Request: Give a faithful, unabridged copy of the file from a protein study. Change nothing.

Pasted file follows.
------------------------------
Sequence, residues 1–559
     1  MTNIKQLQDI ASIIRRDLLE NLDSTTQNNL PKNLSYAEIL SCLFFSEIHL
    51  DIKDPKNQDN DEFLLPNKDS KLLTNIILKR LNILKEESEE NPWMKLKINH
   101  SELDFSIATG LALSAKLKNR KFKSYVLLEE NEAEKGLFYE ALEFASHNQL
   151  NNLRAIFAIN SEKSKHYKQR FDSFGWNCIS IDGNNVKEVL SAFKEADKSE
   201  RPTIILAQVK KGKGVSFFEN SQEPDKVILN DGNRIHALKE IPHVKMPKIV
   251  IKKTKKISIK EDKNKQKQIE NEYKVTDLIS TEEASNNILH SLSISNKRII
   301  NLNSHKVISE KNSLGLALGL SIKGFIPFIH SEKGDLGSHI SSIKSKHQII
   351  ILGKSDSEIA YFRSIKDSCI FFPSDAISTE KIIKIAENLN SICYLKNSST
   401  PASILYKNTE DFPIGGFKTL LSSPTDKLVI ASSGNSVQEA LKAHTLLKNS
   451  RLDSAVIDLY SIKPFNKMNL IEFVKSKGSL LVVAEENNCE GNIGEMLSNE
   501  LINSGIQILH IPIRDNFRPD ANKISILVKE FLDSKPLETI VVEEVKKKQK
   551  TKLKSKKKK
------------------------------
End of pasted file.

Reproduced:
Sequence, residues 1–559
     1  MTNIKQLQDI ASIIRRDLLE NLDSTTQNNL PKNLSYAEIL SCLFFSEIHL
    51  DIKDPKNQDN DEFLLPNKDS KLLTNIILKR LNILKEESEE NPWMKLKINH
   101  SELDFSIATG LALSAKLKNR KFKSYVLLEE NEAEKGLFYE ALEFASHNQL
   151  NNLRAIFAIN SEKSKHYKQR FDSFGWNCIS IDGNNVKEVL SAFKEADKSE
   201  RPTIILAQVK KGKGVSFFEN SQEPDKVILN DGNRIHALKE IPHVKMPKIV
   251  IKKTKKISIK EDKNKQKQIE NEYKVTDLIS TEEASNNILH SLSISNKRII
   301  NLNSHKVISE KNSLGLALGL SIKGFIPFIH SEKGDLGSHI SSIKSKHQII
   351  ILGKSDSEIA YFRSIKDSCI FFPSDAISTE KIIKIAENLN SICYLKNSST
   401  PASILYKNTE DFPIGGFKTL LSSPTDKLVI ASSGNSVQEA LKAHTLLKNS
   451  RLDSAVIDLY SIKPFNKMNL IEFVKSKGSL LVVAEENNCE GNIGEMLSNE
   501  LINSGIQILH IPIRDNFRPD ANKISILVKE FLDSKPLETI VVEEVKKKQK
   551  TKLKSKKKK